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Energy Assessment
Air Conditioning Inspection

What is an Air Conditioning Inspection?

An air conditioning inspection is a requirement from the Energy Performance of Buildings Directive (EPBD) which requires regular inspections of air conditioning installations. These inspections are in addition to the inspections required to meet Statutory and duty of care obligations.

Air conditioning inspections are designed to improve efficiency and reduce electricity consumption, operating costs and carbon emissions. Energy inspections highlight improvements to the operation of your existing installations as well as highlighting opportunities to replace older, less efficient and possibly oversized systems which new energy efficient systems.

Air conditioning inspections should be undertaken a maximum of 5 years apart.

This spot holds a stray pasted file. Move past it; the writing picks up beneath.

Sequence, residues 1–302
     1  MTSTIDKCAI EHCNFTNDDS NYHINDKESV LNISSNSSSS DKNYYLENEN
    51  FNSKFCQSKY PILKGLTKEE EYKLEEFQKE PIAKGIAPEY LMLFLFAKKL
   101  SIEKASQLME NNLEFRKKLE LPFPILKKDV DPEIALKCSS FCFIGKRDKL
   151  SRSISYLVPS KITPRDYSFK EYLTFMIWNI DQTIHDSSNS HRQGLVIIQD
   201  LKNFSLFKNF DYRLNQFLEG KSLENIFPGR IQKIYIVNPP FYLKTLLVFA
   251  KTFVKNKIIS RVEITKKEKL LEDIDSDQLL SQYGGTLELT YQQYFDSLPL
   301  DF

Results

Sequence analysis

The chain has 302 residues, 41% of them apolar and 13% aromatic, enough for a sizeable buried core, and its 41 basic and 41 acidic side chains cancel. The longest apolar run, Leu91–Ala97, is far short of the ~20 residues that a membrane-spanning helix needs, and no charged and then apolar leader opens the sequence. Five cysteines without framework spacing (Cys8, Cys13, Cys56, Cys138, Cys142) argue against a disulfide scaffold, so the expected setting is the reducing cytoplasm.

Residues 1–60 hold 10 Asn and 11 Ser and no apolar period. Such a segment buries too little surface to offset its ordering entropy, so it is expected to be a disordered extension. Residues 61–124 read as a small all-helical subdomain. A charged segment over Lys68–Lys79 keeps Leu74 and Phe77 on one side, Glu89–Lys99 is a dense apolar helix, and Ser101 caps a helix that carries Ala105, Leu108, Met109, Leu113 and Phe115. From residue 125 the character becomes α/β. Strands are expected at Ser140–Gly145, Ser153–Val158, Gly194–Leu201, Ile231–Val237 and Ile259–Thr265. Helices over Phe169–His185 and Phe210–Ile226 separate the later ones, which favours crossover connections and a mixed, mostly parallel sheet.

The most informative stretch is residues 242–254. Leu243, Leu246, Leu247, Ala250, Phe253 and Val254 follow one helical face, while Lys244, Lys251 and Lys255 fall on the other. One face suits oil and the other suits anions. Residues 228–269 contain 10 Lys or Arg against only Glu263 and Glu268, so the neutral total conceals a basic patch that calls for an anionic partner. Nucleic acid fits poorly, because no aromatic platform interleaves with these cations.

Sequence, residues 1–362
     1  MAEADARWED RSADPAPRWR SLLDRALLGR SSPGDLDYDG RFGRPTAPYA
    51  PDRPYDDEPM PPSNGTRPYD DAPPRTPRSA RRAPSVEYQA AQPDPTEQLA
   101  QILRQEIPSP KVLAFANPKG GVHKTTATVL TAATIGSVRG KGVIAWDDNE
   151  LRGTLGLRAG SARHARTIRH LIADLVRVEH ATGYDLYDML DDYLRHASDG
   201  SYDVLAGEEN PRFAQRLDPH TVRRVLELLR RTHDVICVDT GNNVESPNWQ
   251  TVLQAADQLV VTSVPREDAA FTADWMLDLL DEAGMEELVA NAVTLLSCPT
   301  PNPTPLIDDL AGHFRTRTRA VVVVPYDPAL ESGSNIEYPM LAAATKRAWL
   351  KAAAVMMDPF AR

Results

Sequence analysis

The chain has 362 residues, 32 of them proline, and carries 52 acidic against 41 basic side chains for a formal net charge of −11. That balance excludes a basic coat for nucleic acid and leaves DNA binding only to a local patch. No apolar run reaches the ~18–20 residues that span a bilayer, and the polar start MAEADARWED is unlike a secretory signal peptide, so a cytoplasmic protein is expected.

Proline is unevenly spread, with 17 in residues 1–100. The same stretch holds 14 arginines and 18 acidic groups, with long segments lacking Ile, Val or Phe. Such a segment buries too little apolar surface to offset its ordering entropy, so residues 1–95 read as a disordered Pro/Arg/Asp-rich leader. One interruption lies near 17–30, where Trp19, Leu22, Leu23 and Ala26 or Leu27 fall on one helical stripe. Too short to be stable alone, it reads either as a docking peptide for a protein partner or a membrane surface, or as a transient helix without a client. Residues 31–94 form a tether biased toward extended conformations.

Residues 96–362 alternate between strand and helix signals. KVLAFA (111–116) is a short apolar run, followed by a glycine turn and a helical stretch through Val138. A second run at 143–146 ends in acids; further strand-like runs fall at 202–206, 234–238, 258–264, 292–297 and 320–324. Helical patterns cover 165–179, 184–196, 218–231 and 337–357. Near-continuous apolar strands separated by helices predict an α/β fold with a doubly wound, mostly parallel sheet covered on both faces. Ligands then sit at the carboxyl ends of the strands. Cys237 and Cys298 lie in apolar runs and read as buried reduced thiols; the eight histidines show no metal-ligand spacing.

Download the CLG guide on Air Conditioning Inspections here (opens in a new window).

Which buildings require Air Conditioning inspections?

All air conditioning systems with an effective rated output >12kW must be regularly inspected by a registered Energy Assessor.

An air conditioning system refers to any system where where refrigeration is used to provide cooling for the comfort of occupants. This excludes seperate refrigeration provided solely for process applications such as cold stores, pharmaceutical production etc.

When are Air Conditioning inspections required?

  • New installations installed from 1st Jan 2008 must be inspected within 5 years,
  • All other air conditioning systems with an effective rated output > 250 kW must inspected by January 2009 and
  • Air conditioning systems with an effective rated output > 12 kW must inspected by January 2011.

Who can produce Air Conditioning inspections?

Air Conditioning inspections can only be produced by Qualified, Accredited Non-Domestic Energy Assessors. Our Surveyors are registered with the CIBSE accreditation scheme which gives you assurance of our professional approach and ability to meet your requirements. For more information click here (opens in a new window)